UK elections vulnerable to fraud - e-voting no solution
Postal votes, electoral rolls open to abuse
An investigation into the UK's electoral system has found serious failings with security ahead of London's Mayoral elections on Thursday.
The Rowntree Reform Trust's report Purity of Elections in the UK: Causes for Concern highlighted weaknesses with postal voting and the inaccuracy of the electoral roll as the biggest threats to British democracy.
But electronic voting was also mentioned. The Trust found that e-voting pilots "have proved extremely expensive and there is no evidence to suggest that e-voting offers any significant scope for turnout to be increased by this means. At the same time, serious concerns persist about the security and transparency of e-voting systems and their vulnerability to organised fraud."
Researchers also had serious concerns with electronic counting, which will be used to count Thursday's votes. E-counting caused serious problems in Scotland in 2007 and led the Electoral Commission to recommend suspension of future trials. The report notes: "Not only has e-counting has frequently failed to improve on the estimated time required for a manual count, it has also highlighted the lack of transparency in such a system."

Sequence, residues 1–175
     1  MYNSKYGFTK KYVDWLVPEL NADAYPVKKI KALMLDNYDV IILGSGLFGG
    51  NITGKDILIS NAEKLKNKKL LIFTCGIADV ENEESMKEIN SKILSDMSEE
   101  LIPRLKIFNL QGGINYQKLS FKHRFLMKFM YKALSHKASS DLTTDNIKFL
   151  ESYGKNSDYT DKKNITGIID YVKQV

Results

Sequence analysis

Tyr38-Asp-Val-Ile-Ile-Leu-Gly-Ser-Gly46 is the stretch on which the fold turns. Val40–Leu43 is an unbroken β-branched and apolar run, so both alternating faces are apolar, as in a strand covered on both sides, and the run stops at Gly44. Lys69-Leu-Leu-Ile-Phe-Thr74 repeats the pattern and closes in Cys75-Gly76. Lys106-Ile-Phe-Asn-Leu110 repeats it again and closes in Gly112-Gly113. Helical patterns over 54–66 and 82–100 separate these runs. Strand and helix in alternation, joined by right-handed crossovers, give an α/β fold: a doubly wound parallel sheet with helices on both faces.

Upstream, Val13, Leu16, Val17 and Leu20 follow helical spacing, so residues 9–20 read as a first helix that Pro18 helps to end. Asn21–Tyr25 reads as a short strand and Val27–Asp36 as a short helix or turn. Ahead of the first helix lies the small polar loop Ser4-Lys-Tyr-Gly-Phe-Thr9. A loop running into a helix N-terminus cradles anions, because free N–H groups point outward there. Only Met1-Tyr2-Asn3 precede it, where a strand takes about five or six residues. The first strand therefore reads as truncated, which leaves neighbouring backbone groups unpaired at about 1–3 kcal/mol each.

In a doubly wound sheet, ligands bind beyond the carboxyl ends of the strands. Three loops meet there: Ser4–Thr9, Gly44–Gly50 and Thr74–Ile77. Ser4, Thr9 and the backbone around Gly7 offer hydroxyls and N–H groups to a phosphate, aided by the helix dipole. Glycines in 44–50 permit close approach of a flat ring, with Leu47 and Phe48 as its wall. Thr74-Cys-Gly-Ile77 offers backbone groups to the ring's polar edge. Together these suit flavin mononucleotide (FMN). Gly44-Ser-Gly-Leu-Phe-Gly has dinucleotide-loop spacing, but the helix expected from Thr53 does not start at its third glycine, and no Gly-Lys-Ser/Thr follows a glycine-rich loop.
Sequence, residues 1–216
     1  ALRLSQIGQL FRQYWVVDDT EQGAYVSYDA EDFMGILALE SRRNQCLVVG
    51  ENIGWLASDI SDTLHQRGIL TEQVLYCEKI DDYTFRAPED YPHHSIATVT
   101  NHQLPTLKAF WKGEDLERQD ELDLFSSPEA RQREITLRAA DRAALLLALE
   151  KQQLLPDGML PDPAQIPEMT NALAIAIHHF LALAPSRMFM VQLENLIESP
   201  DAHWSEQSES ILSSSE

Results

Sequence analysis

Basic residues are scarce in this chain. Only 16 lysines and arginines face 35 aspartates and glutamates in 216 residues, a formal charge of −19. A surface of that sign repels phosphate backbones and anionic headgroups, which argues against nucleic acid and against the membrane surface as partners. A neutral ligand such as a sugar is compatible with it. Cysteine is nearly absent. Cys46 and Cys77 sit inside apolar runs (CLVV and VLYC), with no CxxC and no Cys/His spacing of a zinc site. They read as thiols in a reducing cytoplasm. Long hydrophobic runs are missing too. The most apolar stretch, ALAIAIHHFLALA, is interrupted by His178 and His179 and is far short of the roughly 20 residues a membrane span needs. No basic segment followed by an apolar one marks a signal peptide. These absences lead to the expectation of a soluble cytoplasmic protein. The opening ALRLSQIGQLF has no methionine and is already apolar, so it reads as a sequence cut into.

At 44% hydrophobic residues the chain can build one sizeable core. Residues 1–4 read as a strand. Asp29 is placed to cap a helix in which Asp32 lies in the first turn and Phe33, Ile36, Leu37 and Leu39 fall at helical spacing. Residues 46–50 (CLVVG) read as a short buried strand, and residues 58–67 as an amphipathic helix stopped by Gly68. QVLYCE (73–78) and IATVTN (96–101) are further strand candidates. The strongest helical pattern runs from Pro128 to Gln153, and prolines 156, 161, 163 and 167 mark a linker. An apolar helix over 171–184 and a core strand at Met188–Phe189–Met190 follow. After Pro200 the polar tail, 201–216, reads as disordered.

Postal voting does have a beneficial impact on turnout but only a short-lived impact, which levels out and subsequently declines. But postal voting, which has grown from just over two per cent of total votes cast in 1997 to 15 per cent in 2005 is more vulnerable to large-scale fraud. Most examples of malpractice found in the UK were associated with proxy or postal voting. For this week's Mayoral elections two officials from each borough have been trained by the Forensic Science Service to help them spot dodgy ballots.
The Rowntree Trust said there were no authoritative figures on the accuracy of the electoral roll, but pilot research in some areas of London found up to a third of voters may be unregistered.
The Rowntree Trust said it would be presumptuous to pre-empt conclusions for the Electoral Commission review but said it could not discount the need for "root and branch reform of British electoral law". It suggests following lessons learned by reform in Northern Ireland including registration of individuals rather than households, rolling rather than annual registration and requiring all voters to present a form of photo ID like a passport or driving licence when voting.
There were 42 convictions for electoral fraud between 2000 and 2007. Since 2000 every English police force bar the City of London has investigated allegations of electoral malpractice.
The research was carried out in 2007 by Stuart Wilks-Heeg from the University of Liverpool.
Last month electoral commissioner Richard Mawrey QC also strongly criticised the electoral system while finding Eshaq Khan guilty of electoral fraud. Mawrey said: "There is no reason to suppose that this is an isolated incident. Roll-stuffing is childishly simple to commit and very difficult to detect. To ignore the probability that it is widespread, particularly in local elections, is a policy that even an ostrich would despise." ®